Join Kenai National Wildlife Refuge staff to learn more about birds on Spring Fun Day, April 14, 2007.
Photo by Candace Ward
Spring is in the air! Our resident birds are beginning their mating behaviors -- woodpeckers drumming on tree trunks, owls hooting in showy cadences and bald eagles pairing up in cottonwood trees. The first of the migrants, elegant white trumpeter swans, have arrived at the outlets of Kenai and Skilak Lakes.
From now through mid-June, a wide array of bird species will arrive to mate and nest using suitable sites from your back yard woods to a wide variety of habitats found on the Kenai Peninsula’s public lands.
Alaska’s wildlife refuges, parks and forests provide breeding, resting and feeding sites for millions of resident and migratory birds. Our state has the right wild real estate to attract arctic terns from Antarctica, common loons from Baja California and Golden plovers from Midway Island in the central Pacific.
If watching for these birds intrigues you, and you want to learn more about them, mark your calendar for upcoming spring bird events at the Kenai National Wildlife Refuge and other peninsula locations.
The refuge Environmental Education Center will host a new Homeschool Discovery Room Program, “This One is for the Birds,” from 10 a.m. to 2 p.m. from April 11 through April 13. Through games, crafts, and “hands-on” bird activities, kids will learn about feathers, flight, identifying birds by song, and beak/feet adaptations.
This Homeschool Discovery Room Program is free and snacks will be provided.
If you are interested in participating in this program, you need to pre-register starting on Wednesday with Education Specialist Michelle Ostrowski at 260-2811.
The community is invited to Spring Fun Day on April 14, from 10 a.m. to 3:30 p.m. at the refuge visitor center and Environmental Education Center. Refreshments are provided and all events are free to the public. They include:
n 10 a.m.-noon (EEC) -- Families with kids of all ages can participate in activities, games, and crafts related to the amazing adaptations and behaviors of birds.
n 10 a.m.-noon (Port Road, Kenai River Flats) -- Toby Burke and Todd Eskelin, refuge biological technicians and bird experts, will host “drop-by” stations with spotting scopes to view waterfowl and shorebirds. Dress warmly, bring your binoculars, and enjoy birding with Toby and Todd.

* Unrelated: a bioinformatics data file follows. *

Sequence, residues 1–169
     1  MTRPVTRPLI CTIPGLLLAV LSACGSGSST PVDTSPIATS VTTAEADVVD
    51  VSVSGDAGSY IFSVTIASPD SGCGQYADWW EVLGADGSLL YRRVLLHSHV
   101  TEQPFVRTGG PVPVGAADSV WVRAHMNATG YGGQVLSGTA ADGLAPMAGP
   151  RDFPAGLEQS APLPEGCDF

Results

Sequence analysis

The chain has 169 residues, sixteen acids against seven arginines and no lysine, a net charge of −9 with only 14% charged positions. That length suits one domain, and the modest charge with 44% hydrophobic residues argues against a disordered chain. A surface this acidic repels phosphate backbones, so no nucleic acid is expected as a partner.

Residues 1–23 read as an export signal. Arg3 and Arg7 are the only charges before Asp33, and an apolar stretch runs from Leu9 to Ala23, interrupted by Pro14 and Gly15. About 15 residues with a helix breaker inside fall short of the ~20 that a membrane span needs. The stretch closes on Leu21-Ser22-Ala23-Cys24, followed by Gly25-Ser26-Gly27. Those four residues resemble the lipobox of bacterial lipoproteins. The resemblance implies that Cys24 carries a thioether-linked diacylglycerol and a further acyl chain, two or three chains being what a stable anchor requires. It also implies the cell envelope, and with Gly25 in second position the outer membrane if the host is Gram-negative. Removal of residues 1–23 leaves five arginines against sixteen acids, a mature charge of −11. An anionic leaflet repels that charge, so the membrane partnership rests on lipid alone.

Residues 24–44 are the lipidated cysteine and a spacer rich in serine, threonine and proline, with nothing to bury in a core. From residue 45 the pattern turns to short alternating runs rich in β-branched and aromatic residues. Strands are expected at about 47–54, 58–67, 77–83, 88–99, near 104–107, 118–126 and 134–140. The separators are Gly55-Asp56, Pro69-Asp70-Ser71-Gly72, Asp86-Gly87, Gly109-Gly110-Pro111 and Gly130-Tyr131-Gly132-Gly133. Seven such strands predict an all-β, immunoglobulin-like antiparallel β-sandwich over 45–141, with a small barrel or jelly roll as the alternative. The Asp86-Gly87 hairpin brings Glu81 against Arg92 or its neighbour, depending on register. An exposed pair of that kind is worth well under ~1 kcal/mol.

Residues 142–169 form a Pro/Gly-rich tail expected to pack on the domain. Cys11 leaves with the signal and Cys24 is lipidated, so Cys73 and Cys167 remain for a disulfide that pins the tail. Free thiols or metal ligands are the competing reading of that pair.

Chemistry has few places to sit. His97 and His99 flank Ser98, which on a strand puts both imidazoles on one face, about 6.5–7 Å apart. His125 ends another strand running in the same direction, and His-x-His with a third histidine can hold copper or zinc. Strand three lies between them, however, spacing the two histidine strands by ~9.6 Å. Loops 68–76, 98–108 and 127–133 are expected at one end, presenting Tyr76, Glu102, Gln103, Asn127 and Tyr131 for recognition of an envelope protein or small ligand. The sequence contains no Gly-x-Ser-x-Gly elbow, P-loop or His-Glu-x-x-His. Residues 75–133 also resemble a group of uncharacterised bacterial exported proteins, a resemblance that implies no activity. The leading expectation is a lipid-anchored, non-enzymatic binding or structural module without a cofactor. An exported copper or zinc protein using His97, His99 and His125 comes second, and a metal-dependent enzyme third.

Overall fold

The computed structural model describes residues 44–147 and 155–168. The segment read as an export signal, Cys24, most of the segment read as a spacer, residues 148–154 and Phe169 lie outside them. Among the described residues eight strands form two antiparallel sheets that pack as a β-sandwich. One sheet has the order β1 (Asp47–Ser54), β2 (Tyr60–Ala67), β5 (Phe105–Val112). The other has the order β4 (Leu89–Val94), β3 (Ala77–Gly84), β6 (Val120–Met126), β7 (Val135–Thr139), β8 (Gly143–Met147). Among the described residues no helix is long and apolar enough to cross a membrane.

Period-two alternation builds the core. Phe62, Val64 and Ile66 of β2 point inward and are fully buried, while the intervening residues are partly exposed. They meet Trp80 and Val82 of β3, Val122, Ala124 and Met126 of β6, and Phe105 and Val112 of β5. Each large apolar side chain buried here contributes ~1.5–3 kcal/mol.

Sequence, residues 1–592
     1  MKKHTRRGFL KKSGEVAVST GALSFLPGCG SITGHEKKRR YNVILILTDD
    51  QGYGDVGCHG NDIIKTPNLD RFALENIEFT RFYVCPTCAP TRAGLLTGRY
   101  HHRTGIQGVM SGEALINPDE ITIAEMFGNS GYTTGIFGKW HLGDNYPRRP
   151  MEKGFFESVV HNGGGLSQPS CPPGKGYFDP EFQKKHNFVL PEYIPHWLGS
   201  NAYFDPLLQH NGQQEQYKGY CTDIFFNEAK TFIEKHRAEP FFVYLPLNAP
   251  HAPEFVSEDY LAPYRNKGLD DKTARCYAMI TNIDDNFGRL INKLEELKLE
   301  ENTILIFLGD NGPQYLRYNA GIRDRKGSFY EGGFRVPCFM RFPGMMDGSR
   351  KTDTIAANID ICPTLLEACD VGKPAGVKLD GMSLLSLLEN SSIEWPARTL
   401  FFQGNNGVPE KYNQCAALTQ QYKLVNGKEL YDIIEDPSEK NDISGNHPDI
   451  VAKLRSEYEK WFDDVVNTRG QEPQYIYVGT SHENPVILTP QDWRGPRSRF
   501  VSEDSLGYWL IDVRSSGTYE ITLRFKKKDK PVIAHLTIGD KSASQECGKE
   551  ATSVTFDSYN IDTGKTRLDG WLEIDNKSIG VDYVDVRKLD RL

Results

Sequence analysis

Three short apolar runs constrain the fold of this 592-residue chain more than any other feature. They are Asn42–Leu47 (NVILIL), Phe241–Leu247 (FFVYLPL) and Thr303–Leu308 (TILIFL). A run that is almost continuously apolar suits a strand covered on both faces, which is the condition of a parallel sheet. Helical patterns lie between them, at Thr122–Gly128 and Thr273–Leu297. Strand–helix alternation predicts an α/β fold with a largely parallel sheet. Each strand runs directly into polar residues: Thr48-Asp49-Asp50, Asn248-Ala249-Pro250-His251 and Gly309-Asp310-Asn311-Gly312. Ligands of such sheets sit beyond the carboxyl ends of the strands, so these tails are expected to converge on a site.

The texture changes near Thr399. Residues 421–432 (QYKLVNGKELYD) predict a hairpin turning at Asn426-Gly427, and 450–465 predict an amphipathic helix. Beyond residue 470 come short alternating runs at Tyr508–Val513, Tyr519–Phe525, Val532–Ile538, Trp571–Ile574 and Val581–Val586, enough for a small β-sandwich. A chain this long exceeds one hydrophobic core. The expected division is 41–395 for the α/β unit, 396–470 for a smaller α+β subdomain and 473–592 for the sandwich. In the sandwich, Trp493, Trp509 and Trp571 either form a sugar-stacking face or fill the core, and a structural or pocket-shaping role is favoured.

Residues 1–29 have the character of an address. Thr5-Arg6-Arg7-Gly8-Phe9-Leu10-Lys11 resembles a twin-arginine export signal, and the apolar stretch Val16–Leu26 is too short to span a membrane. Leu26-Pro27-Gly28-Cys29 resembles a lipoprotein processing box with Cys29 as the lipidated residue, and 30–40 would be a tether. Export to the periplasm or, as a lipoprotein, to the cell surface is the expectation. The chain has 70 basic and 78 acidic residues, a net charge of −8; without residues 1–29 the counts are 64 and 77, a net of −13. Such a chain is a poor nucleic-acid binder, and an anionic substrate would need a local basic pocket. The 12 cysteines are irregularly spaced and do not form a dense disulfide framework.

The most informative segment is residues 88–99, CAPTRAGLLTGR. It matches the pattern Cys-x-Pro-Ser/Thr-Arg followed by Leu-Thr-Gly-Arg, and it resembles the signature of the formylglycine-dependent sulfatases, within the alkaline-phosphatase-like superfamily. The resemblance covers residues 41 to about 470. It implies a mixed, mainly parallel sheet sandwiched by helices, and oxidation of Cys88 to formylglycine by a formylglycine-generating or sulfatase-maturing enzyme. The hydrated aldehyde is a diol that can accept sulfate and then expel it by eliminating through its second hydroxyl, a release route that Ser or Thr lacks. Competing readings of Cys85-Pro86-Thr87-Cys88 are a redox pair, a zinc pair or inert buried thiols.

n 11 a.m.-noon (visitor center) -- Bird Treatment and Learning Center will host a bird “walk-by” with live birds including a great horned owl and a magpie.
n Noon and 2 p.m. (visitor center) -- Academy Award nominated film “Winged Migration” will be shown. This 90-minute film has spectacular aerial photography following bird migrations throughout the seven continents of the world.
12:30-1:30 p.m. (EEC) -- Bird TLC will host a sit down talk with live birds including a magpie and a great horned owl. Learn about these birds in-depth and the important work of Bird TLC from Anchorage.
2-3:30 p.m. -- Todd Eskelin, refuge biological technician and bird expert will guide a ?-mile birding walk on the Keen Eye Nature Trail. Join Todd for an in-depth look at boreal forest birds. Preregistration is required for this walk. Call Candace Ward at 262-7021 to make your reservation.
The 15th annual Kachemak Bay Shorebird Festival in Homer runs from May 10 through May 13. This event provides easy roadside viewing of 25 migratory shorebirds, an art and education fair, and special guest speaker John Acorn, the Nature Nut from the Discovery Channel. To get all the details and to register for events visit www.homeralaska.org/shorebird.htm
The third annual Kenai Shorebird Celebration will take place May 16 and May 19. These two days are filled with interesting discussions and fantastic field trips centered on shorebirds. This is great event for both beginner and advanced birders. Sponsored by the Kenai Watershed Forum, contact Josselyn O’Connor at 260-5449 for more information or visit http://www.kenaiwatershed.org/shorebird.html.
Join in these fun, educational birding programs. Discover more about our feathered friends and the importance of Alaska’s public lands to their survival.
Candace Ward is an enthusiastic beginning birder, who works as a park ranger in the refuge’s information and education program. For more information, contact Kenai National Wildlife Refuge at 262-7021.
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